The article, published by Harding et al. (2020), narrates about the cause-and-effect relationships between the initial imprisonment and the consequent recidivism. The scholars argue that the former circumstance increases the chances for prison readmissions (Harding et al., 2020). They also claim that probation is less harmful in this respect than long-term stays (Harding et al., 2020). In the end, the authors conclude on the role of stringent supervision and punishment of low-level crimes for their reoccurrence.

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This piece is relevant to the study’s objective to provide a theoretical basis for changes in the criminal justice system in the United States. It presents evidence of the necessity to develop preventive measures in order to avoid further worsening of problems for inmates. They are connected to the fact that insignificant crimes, when severely punished, lead to more serious offenses. Therefore, the value of this article for the research is conditional upon the need for supporting modifications in approaching this category of prisoners.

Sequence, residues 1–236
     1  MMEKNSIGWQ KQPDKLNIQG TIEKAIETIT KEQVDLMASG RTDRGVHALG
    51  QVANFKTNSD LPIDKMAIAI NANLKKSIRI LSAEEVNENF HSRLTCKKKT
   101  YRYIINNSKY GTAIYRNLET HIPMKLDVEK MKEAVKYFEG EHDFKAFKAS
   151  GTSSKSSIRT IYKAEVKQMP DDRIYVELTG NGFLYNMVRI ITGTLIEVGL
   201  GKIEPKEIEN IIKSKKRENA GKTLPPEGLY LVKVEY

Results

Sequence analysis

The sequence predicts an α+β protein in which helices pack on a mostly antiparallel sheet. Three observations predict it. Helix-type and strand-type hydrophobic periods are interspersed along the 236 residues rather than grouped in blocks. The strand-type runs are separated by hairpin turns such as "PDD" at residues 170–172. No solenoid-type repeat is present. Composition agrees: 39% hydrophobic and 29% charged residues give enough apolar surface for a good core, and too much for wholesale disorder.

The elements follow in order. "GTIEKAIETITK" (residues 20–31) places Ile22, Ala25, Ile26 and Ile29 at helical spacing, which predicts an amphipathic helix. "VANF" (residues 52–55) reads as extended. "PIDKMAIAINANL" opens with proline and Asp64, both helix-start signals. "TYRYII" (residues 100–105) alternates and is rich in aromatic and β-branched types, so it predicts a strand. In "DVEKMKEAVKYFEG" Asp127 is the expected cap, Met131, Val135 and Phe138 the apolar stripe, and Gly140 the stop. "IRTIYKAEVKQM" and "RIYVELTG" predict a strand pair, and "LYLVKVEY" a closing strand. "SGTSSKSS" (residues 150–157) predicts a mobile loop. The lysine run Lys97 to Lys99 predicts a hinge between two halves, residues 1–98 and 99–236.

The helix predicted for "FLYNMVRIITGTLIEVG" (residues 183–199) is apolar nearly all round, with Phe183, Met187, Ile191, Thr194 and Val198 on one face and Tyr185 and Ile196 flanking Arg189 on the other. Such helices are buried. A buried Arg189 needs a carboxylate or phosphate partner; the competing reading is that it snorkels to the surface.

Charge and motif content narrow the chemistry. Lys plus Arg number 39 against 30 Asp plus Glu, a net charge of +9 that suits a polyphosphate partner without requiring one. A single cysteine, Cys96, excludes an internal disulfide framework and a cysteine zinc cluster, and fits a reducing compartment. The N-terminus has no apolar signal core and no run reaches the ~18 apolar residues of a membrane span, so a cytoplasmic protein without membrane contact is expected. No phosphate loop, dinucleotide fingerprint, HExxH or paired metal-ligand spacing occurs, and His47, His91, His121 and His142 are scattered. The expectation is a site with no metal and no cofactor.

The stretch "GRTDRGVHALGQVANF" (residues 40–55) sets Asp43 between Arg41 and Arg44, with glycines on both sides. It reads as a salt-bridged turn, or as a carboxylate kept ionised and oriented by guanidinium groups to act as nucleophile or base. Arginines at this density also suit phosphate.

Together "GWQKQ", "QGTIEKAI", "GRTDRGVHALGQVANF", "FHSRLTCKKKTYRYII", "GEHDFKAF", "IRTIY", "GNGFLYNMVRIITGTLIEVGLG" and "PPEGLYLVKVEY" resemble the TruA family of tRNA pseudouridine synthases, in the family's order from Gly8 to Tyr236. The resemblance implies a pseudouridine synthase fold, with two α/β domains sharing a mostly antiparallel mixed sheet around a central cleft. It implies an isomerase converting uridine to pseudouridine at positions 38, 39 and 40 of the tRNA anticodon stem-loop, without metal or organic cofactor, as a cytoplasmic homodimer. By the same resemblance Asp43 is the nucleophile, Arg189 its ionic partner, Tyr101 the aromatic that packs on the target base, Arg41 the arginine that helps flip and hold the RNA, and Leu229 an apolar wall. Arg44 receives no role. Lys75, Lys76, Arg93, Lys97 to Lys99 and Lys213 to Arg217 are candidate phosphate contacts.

Kreager & Kruttschnitt (2018)

In the article written by Kreager & Kruttschnitt (2018), the challenge of shifting measures to inmate society organization is described. This review proves that the majority of previous studies in this area emphasize the significance of network approaches for avoiding adverse outcomes for former prisoners (Kreager & Kruttschnitt, 2018). The findings imply the role of correctional authorities in preventing recidivism in the criminal justice system by focusing on rehabilitation programs based on ethnographic data.